Data consumers in these organizations struggle for access to such information. For example, not having a complete view of a customer base is a main challenge for most large organizations. Several
customer service representatives I interviewed have only a limited picture of products sold to a client or need to connect to several systems to access it. In one case, a parts engineering and
manufacturing company had designed and built the same part 19 times because it did not know that the part was already built for other clients. (Abai et al., 2005) Imagine the waste that results
from not identifying the correct information when you need it.

In many organizations, data is stale. Data consumers cannot reach or find it in a timely manner, and it loses its value. In some organizations, for example, when the report is finally delivered to
its consumers, it is outdated and does not provide any valuable information. Another such problem occurs in information brokerage companies that supply the latest organizational knowledge regarding
the C-level executives of specific companies to their clients; too often they provide outdated information and lose valuable business because of inaccuracies.

In a large number of organizations, the main problem is the quality of data. Dirty data is one of the major problems leading to bad decisions across all organizations. At a 2002 Information Quality
Conference, a telecom company was revealed to have recovered over $100 million in “scrap and rework” costs, a bank $60 million, and a government agency $28.8 million. (Abai et al.,
2005)

Another organizational issue is data consistency. I have personally observed different data consumers at several locations within the same company ask for the same data but receive different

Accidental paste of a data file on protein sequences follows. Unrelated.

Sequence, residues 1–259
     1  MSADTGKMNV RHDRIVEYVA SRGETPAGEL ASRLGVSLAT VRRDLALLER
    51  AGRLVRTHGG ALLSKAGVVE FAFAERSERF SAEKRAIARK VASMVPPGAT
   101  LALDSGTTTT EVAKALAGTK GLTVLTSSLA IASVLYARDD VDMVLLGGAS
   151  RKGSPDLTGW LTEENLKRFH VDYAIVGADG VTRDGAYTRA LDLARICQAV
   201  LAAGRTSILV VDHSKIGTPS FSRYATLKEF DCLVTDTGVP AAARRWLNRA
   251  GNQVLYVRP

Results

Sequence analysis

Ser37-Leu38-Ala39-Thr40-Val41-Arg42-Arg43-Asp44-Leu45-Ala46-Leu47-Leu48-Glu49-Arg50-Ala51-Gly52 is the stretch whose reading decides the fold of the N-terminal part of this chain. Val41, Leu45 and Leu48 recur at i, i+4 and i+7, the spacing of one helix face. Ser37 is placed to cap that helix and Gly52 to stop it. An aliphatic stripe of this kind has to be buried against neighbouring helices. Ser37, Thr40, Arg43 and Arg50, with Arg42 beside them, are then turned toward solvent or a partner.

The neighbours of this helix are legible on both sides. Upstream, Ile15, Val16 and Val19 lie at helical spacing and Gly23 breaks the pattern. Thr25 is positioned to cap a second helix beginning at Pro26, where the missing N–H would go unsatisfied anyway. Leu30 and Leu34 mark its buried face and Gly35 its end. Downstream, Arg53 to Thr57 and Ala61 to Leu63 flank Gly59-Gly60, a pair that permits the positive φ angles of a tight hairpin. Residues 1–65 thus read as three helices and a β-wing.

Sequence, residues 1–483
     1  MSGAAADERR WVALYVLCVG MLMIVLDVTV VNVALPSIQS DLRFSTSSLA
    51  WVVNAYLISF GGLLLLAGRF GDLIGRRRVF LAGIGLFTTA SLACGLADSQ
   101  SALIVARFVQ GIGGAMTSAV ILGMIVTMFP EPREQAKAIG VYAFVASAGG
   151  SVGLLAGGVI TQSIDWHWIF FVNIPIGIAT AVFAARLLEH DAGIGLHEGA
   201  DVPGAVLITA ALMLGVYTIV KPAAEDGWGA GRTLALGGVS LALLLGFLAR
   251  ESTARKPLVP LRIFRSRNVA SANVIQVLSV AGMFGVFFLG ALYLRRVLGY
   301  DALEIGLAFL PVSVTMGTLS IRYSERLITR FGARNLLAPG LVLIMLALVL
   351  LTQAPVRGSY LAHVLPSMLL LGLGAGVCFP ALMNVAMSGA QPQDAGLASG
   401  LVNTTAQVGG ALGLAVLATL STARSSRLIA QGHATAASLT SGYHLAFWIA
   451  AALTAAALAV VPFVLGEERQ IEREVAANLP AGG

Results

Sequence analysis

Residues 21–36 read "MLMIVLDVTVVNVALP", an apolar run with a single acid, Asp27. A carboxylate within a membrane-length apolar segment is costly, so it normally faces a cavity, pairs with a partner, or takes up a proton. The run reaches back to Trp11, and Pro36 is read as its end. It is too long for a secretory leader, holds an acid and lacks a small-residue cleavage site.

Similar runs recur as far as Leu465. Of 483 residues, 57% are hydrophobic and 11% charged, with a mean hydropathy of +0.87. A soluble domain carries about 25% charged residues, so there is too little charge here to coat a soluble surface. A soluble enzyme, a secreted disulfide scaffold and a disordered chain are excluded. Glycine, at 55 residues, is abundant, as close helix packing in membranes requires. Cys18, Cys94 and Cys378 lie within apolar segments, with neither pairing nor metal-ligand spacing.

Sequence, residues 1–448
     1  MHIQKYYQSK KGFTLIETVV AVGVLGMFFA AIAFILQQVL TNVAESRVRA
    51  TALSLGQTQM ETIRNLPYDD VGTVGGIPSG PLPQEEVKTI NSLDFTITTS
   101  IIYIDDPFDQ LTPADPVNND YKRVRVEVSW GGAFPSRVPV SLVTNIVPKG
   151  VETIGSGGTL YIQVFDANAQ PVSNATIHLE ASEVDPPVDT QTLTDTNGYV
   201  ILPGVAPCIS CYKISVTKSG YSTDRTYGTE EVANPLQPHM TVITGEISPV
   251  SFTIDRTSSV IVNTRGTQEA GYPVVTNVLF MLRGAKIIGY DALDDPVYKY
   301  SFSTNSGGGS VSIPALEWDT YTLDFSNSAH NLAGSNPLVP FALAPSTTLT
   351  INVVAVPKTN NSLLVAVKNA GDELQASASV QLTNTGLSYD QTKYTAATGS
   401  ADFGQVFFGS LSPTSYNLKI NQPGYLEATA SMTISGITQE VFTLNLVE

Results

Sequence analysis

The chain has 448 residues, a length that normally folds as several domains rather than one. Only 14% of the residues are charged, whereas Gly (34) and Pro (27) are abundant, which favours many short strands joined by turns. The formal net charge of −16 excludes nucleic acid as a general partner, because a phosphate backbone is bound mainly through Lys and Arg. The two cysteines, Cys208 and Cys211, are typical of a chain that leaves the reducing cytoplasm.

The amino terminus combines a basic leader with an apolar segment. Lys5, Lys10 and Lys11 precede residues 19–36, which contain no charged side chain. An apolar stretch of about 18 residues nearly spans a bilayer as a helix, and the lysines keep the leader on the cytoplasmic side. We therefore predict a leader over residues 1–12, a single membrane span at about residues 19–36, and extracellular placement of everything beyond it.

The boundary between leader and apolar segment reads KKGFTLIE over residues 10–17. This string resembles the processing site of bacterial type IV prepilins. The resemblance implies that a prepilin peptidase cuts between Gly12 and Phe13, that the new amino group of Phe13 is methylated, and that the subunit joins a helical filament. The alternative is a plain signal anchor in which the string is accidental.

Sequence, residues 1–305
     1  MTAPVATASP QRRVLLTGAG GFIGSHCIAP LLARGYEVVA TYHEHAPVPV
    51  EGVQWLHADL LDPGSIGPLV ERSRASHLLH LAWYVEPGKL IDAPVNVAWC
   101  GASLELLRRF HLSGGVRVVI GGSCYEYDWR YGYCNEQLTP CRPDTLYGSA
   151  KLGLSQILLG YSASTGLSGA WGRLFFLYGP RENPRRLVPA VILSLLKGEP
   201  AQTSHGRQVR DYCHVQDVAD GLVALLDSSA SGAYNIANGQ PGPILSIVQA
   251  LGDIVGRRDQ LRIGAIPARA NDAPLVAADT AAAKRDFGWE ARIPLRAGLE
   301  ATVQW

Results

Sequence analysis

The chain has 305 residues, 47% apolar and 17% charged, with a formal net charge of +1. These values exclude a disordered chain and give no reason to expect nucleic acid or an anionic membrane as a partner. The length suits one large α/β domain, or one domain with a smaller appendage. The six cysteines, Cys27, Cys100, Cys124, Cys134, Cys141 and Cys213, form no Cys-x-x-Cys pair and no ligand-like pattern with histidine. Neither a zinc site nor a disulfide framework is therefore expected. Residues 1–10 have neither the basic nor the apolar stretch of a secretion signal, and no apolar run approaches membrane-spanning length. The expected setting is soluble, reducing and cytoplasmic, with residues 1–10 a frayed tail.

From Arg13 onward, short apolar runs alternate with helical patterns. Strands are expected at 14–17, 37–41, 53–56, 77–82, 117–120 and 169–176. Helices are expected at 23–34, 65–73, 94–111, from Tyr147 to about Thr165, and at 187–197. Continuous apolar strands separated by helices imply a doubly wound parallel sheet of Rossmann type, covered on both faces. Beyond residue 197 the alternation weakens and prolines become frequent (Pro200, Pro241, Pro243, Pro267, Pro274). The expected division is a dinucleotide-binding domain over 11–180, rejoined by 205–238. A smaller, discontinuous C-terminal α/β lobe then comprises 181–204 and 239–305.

results.

Another major issue is that organizations may fail to harvest their unstructured data assets. IBM estimates that 85 percent of data in organizations is unstructured. (Reimer, 2003) We define
unstructured as residing in word processing, spreadsheet, e-mail, video, audio, XML, PDF, and other document files. Few organizations have made the necessary investment in technological and human
resources to centralize the information stored within such files.

Reasons for Disarray

There are several reasons for data being in a state of disarray in organizations. In this article, we focus on the most important reasons:

Application-Centric IT Organizations
In general, information technology departments within organizations are application-centric rather than datacentric. Although the names
of such departments vary from data processing to information technology to information management, the focus has always been on the delivery of applications, not the delivery of timely, consistent,
and clean information to their clients, the business-line information consumers.

IT organizations continue to spend millions of dollars on “silver bullet” applications to solve their business problems but which continue to fail because they focus on the application